Black unemployment hits all-time low, but it’s still well above the rate for whites

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Black unemployment is at its lowest point on record, yet it’s still well above the jobless rate for white, Hispanic or Asian Americans. Photo Courtesy CNN Newsource 

Black unemployment is at its lowest point on record, yet it’s still well above the jobless rate for white, Hispanic or Asian Americans.

The unemployment rate for black Americans fell to 6.8 percent in December, the lowest level since at least 1972 when the Labor Department began tracking the figure. It marks a swift comeback for black workers, who suffered through extremely high unemployment during the Great Recession. Black unemployment peaked at 16.8 percent in March 2010, well above the peaks for other demographics.

Despite significant progress, unemployment for black Americans today is still far higher than other groups. White unemployment was 3.7 percent in December; Asian unemployment was 2.5 percent; Hispanic joblessness was 4.9 percent.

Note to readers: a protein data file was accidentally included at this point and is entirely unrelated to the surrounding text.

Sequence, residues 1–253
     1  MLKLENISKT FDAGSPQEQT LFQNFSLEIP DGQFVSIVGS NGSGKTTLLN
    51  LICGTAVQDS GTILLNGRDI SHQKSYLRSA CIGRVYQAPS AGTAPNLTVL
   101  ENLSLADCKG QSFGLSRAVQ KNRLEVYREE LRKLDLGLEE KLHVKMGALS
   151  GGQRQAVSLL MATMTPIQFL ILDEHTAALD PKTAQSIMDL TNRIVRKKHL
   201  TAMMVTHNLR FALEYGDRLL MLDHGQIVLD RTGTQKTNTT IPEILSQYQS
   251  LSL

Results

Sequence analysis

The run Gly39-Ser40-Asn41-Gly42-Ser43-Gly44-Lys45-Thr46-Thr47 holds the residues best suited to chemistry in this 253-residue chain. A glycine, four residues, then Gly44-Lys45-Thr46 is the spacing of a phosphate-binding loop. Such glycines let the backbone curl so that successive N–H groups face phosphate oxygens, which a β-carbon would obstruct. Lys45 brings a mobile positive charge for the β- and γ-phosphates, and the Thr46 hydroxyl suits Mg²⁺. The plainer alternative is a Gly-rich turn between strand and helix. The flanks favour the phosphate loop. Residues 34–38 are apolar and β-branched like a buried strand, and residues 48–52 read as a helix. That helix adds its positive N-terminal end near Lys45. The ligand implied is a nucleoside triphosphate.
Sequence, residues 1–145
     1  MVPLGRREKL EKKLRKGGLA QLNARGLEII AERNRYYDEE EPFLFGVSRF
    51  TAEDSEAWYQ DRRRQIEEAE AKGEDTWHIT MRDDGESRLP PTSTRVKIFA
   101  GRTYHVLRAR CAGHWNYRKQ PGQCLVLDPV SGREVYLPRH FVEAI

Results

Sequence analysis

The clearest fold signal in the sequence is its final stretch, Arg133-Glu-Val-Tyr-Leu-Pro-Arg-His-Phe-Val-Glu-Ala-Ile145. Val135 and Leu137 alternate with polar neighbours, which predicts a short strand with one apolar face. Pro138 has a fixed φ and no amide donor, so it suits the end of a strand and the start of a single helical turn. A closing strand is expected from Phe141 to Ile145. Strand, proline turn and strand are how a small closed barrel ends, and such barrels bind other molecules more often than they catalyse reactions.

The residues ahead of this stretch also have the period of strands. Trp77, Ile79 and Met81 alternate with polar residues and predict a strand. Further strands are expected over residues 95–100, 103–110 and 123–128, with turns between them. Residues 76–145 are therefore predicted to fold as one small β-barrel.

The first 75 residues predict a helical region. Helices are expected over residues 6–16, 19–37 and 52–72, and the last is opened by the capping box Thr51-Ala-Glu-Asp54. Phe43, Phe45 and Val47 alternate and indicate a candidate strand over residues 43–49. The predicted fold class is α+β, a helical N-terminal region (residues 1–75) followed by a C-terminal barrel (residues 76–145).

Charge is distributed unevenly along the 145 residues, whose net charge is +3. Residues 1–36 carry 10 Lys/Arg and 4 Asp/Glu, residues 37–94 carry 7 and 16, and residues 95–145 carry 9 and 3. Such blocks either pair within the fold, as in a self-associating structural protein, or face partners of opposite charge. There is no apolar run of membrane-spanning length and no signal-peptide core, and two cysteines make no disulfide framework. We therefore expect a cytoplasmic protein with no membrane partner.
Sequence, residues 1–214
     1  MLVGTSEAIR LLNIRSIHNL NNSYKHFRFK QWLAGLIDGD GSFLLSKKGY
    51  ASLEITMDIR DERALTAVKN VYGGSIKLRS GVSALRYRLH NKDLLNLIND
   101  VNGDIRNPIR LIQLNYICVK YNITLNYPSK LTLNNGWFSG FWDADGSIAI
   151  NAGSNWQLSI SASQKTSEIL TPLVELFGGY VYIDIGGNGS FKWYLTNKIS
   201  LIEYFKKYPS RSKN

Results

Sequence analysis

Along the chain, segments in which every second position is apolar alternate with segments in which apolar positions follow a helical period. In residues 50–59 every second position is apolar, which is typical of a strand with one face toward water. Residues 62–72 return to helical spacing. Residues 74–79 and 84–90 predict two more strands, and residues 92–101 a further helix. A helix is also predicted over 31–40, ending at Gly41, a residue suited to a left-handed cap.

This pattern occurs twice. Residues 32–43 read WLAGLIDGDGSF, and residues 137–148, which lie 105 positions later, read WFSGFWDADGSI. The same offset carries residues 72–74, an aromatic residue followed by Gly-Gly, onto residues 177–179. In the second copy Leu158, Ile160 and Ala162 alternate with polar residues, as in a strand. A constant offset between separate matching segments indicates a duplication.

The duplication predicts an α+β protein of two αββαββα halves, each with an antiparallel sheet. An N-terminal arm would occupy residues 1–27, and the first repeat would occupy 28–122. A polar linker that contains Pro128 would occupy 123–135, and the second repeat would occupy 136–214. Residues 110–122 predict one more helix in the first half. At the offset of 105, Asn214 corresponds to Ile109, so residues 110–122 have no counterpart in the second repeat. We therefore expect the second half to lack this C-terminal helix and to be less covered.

The U.S. national unemployment rate was 4.1 percent last month, matching the lowest level in 17 years.

Job growth among black Americans maintained momentum last year. About 480,000 black Americans got a new job last year, which marked the eighth straight year of job gains. Still, about 1.2 million white Americans got hired last year, more than double the gains for black Americans. Some of that disparity is explained by economic inequality while another factor is that the white labor force is significantly higher than the black labor force.

A disproportionate number of black Americans tend to work in industries that have many low-wage jobs, such as retail, restaurants and bars. Median weekly earnings for black Americans last fall were $696 compared to $887 for whites and $1,010 for Asian Americans. Hispanics’ median weekly earnings were the lowest at $655, according to the most recent Labor Department figures.

Black men earned $744 a week compared to $965 for white men. Black women were paid $658 weekly, lower than the $791 white women earned.

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